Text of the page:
# Thread: Stats: independent random samples from 2 populatsions

1. ## Stats: independent random samples from 2 populatsions

So, I think it's fair to say that I suck at stats. Hopefully some of you guys can shed some light onto how to do this problem.

Problem: A farmer tests two diets, say 1 and 2, for 12 weeks on samples of young turkeys to see if either offers any weight gain advantage. The results are summarized in the table below

Diet Sample size Mean St. Dev.
1 15 40.2 7.5
2 15 36.4 7.1

Assuming the weight gains by each diet are approximately normal and have a common variance, test the hypothesis that neither diet offers a weight gain advantage. Use alpha = .05.

I'm not really sure what I should be using as the hypothesis. Should I set it up as mu(1)-mu(2) = 0, and have the alternative hypothesis be mu(1)-mu(2) =/= 0?

If so how do I find the rejection region for that?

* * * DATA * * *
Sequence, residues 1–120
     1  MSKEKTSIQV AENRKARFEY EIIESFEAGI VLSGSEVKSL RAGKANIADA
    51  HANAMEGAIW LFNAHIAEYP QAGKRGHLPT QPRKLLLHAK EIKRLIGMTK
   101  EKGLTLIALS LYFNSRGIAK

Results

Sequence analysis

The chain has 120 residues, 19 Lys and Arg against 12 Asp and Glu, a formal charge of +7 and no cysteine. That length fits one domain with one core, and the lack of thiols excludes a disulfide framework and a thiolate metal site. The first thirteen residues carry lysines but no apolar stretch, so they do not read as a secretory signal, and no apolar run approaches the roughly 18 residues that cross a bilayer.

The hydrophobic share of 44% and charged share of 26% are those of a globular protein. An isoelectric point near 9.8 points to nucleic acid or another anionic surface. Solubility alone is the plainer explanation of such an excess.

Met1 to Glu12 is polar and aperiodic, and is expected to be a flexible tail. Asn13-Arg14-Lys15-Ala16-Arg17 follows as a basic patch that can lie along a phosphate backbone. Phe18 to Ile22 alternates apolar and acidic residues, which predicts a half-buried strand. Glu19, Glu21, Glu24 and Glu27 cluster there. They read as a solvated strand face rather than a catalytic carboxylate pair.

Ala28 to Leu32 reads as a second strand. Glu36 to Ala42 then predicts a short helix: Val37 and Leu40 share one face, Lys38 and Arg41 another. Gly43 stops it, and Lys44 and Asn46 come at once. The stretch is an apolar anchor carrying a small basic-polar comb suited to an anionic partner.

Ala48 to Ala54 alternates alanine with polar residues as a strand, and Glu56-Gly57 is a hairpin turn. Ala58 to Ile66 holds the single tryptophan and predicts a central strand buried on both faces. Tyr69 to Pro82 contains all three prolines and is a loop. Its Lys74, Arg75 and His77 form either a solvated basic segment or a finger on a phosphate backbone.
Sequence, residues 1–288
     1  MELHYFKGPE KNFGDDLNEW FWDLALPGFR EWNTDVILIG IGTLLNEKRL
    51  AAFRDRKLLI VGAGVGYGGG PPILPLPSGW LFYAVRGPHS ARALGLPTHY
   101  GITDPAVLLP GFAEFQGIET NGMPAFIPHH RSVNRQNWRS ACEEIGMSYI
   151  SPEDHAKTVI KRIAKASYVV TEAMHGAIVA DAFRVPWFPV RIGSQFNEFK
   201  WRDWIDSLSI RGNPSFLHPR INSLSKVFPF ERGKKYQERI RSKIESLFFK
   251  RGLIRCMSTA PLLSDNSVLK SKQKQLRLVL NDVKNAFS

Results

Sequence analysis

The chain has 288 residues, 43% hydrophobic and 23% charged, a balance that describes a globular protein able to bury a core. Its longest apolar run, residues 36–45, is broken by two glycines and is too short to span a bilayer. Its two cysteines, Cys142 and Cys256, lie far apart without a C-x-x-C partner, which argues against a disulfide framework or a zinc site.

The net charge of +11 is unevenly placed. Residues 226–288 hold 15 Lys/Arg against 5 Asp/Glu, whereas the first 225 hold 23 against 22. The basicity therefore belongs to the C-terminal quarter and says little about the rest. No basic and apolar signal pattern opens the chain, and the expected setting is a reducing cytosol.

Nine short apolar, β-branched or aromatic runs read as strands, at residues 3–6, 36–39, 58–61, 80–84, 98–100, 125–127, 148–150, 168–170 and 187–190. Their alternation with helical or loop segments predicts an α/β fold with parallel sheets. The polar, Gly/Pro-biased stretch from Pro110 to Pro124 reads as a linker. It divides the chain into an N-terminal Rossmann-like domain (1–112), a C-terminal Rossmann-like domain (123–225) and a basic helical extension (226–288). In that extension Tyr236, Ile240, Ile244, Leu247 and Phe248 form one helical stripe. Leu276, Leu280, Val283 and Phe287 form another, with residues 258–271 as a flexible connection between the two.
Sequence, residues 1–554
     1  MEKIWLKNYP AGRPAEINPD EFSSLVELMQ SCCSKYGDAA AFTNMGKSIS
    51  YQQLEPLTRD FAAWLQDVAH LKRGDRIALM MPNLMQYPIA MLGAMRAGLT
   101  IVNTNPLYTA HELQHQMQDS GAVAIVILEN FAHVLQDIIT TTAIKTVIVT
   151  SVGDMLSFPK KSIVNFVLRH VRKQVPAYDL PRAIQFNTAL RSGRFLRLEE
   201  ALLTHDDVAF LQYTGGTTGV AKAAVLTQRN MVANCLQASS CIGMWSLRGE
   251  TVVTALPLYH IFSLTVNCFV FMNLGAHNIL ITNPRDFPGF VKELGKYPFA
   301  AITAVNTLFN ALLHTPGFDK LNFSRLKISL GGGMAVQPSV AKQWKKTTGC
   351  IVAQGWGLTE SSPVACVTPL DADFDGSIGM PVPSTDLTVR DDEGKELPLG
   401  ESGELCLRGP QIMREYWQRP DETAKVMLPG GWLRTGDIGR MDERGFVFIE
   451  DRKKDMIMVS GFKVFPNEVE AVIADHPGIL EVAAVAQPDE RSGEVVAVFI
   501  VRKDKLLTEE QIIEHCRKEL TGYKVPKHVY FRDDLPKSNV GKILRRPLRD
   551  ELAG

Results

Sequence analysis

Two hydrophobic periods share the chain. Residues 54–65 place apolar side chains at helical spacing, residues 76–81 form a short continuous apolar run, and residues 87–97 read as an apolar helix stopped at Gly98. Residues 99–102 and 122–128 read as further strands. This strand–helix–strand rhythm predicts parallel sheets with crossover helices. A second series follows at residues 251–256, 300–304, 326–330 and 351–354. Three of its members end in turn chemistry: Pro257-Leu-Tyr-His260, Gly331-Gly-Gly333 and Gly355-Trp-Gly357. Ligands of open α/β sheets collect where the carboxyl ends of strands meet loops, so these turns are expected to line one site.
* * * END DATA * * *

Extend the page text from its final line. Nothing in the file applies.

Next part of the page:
Also, is the test statistic t= [mean(1)-mean(2)]/[(S-pooled)(sq. rt((1/15)+(1/15)))]?

2. Originally Posted by monsieur fatso
So, I think it's fair to say that I suck at stats. Hopefully some of you guys can shed some light onto how to do this problem.

Problem: A farmer tests two diets, say 1 and 2, for 12 weeks on samples of young turkeys to see if either offers any weight gain advantage. The results are summarized in the table below

Diet Sample size Mean St. Dev.
1 15 40.2 7.5
2 15 36.4 7.1

Assuming the weight gains by each diet are approximately normal and have a common variance, test the hypothesis that neither diet offers a weight gain advantage. Use alpha = .05.

I'm not really sure what I should be using as the hypothesis. Should I set it up as mu(1)-mu(2) = 0, and have the alternative hypothesis be mu(1)-mu(2) =/= 0?

If so how do I find the rejection region for that?

Also, is the test statistic t= [mean(1)-mean(2)]/[(S-pooled)(sq. rt((1/15)+(1/15)))]?
See here

RonL